leesunlung: ND400 should be 8.64stop I think ND512 is 9stop
Candiss DelCastillo: What do you think about variable filters as opposed to the ones like this 9 stop? Also, when you are using an ND filter that has a stop, how do you know which stop to select? I see they come in a wide variety of stops. Thanks.
Moeen Mostafa: there is color cast and it is clear
Damian Berlik: Ach jak pięknie wygląda ten syf na matrycy...
thatsmagnificent: hi, you say 'unsurprisingly its moved the exposure up to 30 seconds', can you explain what moved the exposure. i.e. how was the camera set up to work that out for itself? thanks very much
Mikel Trako: which one is the best? Hoya 77mm ProND500 Filter or Hoya 77mm ProND1000 Filter?
simon44: Ive just bought the Hoya ND500 and I find its not dark enough. Before I send it back can I ask why I would rather keep this over an ND1000 version? Thank you.
Donovan80898: Did you just screw the filter on to the lens?
Jim Breeds: Even more impressive is that the filter also added in the warning post at the end of the groyne in the first photo that isn't to be seen in the setting up footage at the start of the video! :-)
chessfun: Would you get very similar results with an ND8 filter, or would it not be good enough to slow the shot down.?
Mohamed LMISSAOUI: Hello, i have a question. what can the ND400 offer that we can't do in photoshop or lightroom ?
Andrew Bryan: How I wished I'd seen this review before I bought a Tiffen version. This had an awful red colour cast and although the company was very helpful with advice it had to go back. Having watched this now three year old presentation I bought a Hoya ND400 and it is brilliant. Virtually no colour shift and not a trace of casting. Thank you Gavin. Can you give me a tip for getting sea spray off your filter without damaging it?
Hernani: I hope you can help me. I recently purchased an ND400 at Adorama after seeing your youtube video. But a red color keeps on appearing in the middle of my image.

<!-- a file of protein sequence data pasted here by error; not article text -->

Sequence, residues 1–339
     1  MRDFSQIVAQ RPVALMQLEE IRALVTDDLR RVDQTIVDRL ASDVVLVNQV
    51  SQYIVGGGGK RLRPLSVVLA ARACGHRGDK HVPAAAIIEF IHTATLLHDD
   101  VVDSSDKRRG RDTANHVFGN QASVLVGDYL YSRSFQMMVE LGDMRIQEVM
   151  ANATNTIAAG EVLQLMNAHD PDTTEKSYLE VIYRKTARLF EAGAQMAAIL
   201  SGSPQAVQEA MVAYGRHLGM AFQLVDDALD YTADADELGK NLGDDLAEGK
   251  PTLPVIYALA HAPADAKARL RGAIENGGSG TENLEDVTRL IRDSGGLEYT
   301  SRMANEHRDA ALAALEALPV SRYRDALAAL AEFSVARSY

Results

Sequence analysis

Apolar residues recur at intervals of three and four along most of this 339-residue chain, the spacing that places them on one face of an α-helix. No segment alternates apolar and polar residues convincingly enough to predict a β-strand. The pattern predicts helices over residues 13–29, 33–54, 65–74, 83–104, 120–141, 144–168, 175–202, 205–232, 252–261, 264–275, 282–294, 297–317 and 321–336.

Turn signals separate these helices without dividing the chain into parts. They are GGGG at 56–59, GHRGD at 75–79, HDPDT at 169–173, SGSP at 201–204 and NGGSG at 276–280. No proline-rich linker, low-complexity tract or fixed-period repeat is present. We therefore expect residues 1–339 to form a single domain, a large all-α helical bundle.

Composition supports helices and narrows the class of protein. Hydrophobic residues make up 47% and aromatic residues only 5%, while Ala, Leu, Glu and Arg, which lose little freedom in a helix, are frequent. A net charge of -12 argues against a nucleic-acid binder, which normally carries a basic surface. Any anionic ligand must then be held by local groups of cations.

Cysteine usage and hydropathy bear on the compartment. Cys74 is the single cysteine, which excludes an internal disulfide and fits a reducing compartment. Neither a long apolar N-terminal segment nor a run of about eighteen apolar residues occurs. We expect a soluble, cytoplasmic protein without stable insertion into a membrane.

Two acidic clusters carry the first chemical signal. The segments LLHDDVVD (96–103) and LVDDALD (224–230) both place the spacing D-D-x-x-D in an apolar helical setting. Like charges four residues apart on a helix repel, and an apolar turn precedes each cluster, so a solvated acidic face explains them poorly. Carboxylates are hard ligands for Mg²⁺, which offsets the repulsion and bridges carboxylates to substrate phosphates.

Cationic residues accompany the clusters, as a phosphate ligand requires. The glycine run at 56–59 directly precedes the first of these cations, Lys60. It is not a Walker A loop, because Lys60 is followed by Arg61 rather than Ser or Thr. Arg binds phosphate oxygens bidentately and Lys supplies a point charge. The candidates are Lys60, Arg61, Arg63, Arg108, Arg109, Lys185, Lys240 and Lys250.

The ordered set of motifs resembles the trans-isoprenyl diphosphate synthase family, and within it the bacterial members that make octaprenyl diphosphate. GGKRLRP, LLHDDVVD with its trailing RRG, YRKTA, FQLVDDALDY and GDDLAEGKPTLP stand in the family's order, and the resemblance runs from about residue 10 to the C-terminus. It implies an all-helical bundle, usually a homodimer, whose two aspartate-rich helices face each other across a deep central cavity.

YoonNyeanLiew: Thank you Gavin for sharing and also to Crookedimaging. I now understand how it works. I gonna get one. Cheers
Darren Breckles: Solution: Buy one of each filter needed for the largest diameter prime lens you own then buy a set of step down rings from Amazon ( or possibly just the few step down rings you need). Primes should be fairly close in size.
leslie dean brown: I am using prime lenses, love them, have one 50mm, a 35mm on order, and will most likely get an 85mm in a few months. But now a bit bummed by having to work out what filters to get... as they all use different filter threads. Is there any easy solution for this? Not going back to zooms. I'm thinking I'll only get one red filter and one ND filter. Don't want to be carrying around that many with me either, so perhaps only two filters -but for the 35 or 50mm? :-S Arrggghh
Kandi Klover (Fursuiter Furry): I love the ND filters, I got one of these 9 stoppers for super wide aperture video :3
Launceston CC: With raw, you can easily change white balance properties without risking any change in the images quality or sharpness, all that extra data captured whilst shooting with raw is used. In a jpeg that data is discarded. So changing WB in jpegs is trouble in the making.
And of course the WB setting registers, it always is used in every exposure you use
Launceston CC: It is a nine stop ND filter, thus reducing the available light down by about 400-500 times. Thats why you cant see crap! haha make sure you frame and focus your image before you put the filter on :P
Richard Rykard: Okay I've been reading some mixed ideas on WB and RAW capture. In the video gavin announces that WB is set to daylight, but, does that play a huge part when in RAW? Does the WB setting even register since the WB can be haggled over in the processing stage?
Hoya ND400, 9 stop Neutral Density Filter ~ REVIEW5
out of 5